Rain boots also have a smooth traction on the bottom, like a small ripple- you might as well be wearing ice skates. Snow boots tend to have a rougher traction, which helps some. Don’t depend on salt, it doesn’t work in anything under 20 degrees, honestly.
If you get something that goes at least 3 inches above your ankle, you should be fine. My snow boots go up ¾ way over my calves and I love them- I can walk for hours in those boots, but keep in mind, those boots cost me $200, 10 years ago. Expensive, but they’ve lasted me 10 years and I’ve never felt a drop of unwelcome moisture in those boots, nor have my tootsies felt cold at all.
What makes your feet freeze in the snow is moisture—if you can get something highly water resistant, snug, high topped and insulated, you’ll be set to go.

lucillelucillelucille's avatar

I would get lined,winter hiking boots,that way your feet will be warm and dry.
Boots for rain,might be too slippery in the snow,and cold too!

SpatzieLover's avatar

Boot for rain will be too slippery, but they will keep your feet/toes dry when you shovel ;)

I live in Wisconsin. I do often wear my rain boots with thick socks when I shovel…but then again, I’ve lived here all of my life. I’m used to slippery ground and rarely fall.

You can live with the rain boots through October…depending where you’ll be possibly through November. Then you’ll have time to see what people in your new locale wear on their feet before you buy something.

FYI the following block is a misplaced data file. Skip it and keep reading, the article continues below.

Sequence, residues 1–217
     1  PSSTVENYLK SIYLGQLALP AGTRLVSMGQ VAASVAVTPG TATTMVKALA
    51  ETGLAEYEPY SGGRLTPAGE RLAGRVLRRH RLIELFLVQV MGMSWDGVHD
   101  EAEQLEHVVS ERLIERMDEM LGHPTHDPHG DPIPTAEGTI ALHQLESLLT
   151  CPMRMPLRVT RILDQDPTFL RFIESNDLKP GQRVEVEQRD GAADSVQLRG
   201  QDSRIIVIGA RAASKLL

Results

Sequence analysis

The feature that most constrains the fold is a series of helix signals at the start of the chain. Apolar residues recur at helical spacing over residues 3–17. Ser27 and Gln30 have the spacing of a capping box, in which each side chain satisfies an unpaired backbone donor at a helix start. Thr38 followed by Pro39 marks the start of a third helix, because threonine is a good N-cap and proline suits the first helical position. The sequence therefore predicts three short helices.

gailcalled's avatar

Or you can buy Yaktrax and put them on your leather hiking boots or other sturdy shoes.

I love mine

Buttonstc's avatar

If it were me, I wouldn’t bother with separate rain boots at all and would spend the money saved on good quality snow/ice boots with great traction.

Most times when it’s raining, the weather is also pretty cold (except middle of summer, obviously) so you can wear your snow boots and have your feet protected in most rainy weather as well. And on hot summer days, just wear flip flops cuz it doesn’t matter so much if your feet get wet in summer :)

JLeslie's avatar

Not to mention it will only rain for a few weeks during the school year if you are going to be in a colder climate. The rainiest seasons are during summer break. September and April are the big months typically during the school year. Both months you can probably just wear water flip flop type thingies or a chunkier show with a thick rubber sole that will be good all year for walking anyway. The only time I see people really using rain boots are rain slicks over shoes for people who work in the city and younger children.

I might hold off buying boots altogether, and see what everyone is wearing, unless you own the rainboots already.

YARNLADY's avatar

When I lived in Colorado, I preferred the slip on protection. I had two pair, one plain rubber, one with insulation and tiny rubber spikes on the bottom. They slip on over the shoe.